I'm being generous with my rating because I believe that the writer has talent, but I believe that this book was a poor showing of it. It's hard to wr...moreI'm being generous with my rating because I believe that the writer has talent, but I believe that this book was a poor showing of it. It's hard to write an accurate review of the novel without giving too many spoilers away. Suffice it to say that by the end of the story I knew less about the main character and this particular story than after I read the front dust cover synopsis.
Laurel Eastbrook, a wounded bird herself, becomes involved in piecing together the disjointed life of a recently deceased homeless man through his pictures. The characters of The Great Gatsby figure prominantly and the author asks the reader to take a number of leaps of faith that are never rewarded with adequate explanation. The main character immerses herself in a mystery that is only mysterious and dramatic to her. On page 1 she is a stoic survivor of an attempted rape/murder, working conscienciously at a homeless shelter, but by page 10 she's a lunatic Nancy Drew.
I finished the book believing that the author was trying hard to be clever just for the sake of being clever. It certainly wasn't the "thriller" that it claimed to be. I felt cheated and conned and I hope that isn't what the author was going for. In a nutshell: save yourself the mindf*@k and read something else. (less)
This is a novel where you get 2-for-1: A modern day murder mystery involving a rogue polygamist sect interpersed with a historical narrative written b...moreThis is a novel where you get 2-for-1: A modern day murder mystery involving a rogue polygamist sect interpersed with a historical narrative written by the rebellious 19th wife of Brigham Young. As the story progressed, I found myself much more interested in the story of the beginnings of the Morman Church and the memoirs of Ann Eliza Young, the so-called 19th wife, who ended up as a vocal opponent of polygamy. This is by no means a scholarly retelling of the Church's beliefs or history, but it does give the reader a glimpse into another world.(less)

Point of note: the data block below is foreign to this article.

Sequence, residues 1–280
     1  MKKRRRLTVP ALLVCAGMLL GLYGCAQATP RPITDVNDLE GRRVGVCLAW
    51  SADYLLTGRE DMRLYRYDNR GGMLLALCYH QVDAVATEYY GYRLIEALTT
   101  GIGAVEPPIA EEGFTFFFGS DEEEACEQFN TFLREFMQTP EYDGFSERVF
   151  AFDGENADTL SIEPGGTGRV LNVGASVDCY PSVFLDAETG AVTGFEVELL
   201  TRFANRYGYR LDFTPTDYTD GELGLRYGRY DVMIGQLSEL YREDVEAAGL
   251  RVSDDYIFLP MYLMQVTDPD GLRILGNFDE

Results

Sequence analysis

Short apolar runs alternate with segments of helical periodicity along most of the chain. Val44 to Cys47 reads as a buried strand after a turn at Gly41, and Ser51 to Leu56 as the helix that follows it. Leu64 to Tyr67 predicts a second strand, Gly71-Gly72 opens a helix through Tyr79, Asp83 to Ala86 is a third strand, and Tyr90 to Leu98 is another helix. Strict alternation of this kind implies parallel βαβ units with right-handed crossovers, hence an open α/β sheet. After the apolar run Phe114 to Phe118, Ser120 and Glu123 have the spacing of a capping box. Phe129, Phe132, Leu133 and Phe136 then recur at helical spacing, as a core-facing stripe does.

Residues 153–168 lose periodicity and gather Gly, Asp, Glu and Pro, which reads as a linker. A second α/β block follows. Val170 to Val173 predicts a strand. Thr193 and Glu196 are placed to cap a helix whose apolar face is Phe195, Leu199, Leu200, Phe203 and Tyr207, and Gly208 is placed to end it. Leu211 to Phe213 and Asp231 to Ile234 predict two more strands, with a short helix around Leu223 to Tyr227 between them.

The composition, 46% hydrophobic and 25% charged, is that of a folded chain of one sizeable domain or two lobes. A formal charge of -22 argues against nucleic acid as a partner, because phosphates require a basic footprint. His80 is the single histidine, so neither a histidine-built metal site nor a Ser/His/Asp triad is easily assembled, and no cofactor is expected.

Maybe I'm getting curmudgeonly in my old age. I probably would have liked this book when I was 15 and I thought that anything with the word "abortioni...moreMaybe I'm getting curmudgeonly in my old age. I probably would have liked this book when I was 15 and I thought that anything with the word "abortionist" in the title must be socially hip. At 15 I didn't really care about things like character development or a plausible plot. I mean, of course cops always risk their careers for the nubile nineteen-year-old girls (yes, I said girl) they are also investigating. Of course, smart, level-headed children get involved in unstable relationships and pornography and smoke pot with their straight-laced parents. I mean, not all parents were as square as mine, right?
Thankfully, I've gotten past all that and I'm tired of reading stuff like this. (less)
This is the story about three women in Jackson, Mississippi, in 1962. Two women are black domestics, and the third is a white, recent-graduate who wor...moreThis is the story about three women in Jackson, Mississippi, in 1962. Two women are black domestics, and the third is a white, recent-graduate who works to tell their stories in her first efforts to write a book. I am usually suspicious when a white Southern women attempts to write in an African-American voice, but Stockett does an admirable job of getting the appropriate dialect down without being stereotypical or offensive.
By telling these women's stories, the author manages to address issues of race, feminism, and family. If only a percentage of things are true-to-life, it's a wonder that white Southerners weren't all poisoned over their Sunday brunches! It's eye-opening reading. (less)
This was the first book that I had to read on the sly because people would see me carrying this and want to talk about how life-changing the novel was...moreThis was the first book that I had to read on the sly because people would see me carrying this and want to talk about how life-changing the novel was. Unfortunately for them, I was reading this for a book group and certainly wouldn't categorize this as a great literary work. Of course, theologically, I can see how someone might be blown away by it---but since I'm not so inclined it left me flat. (less)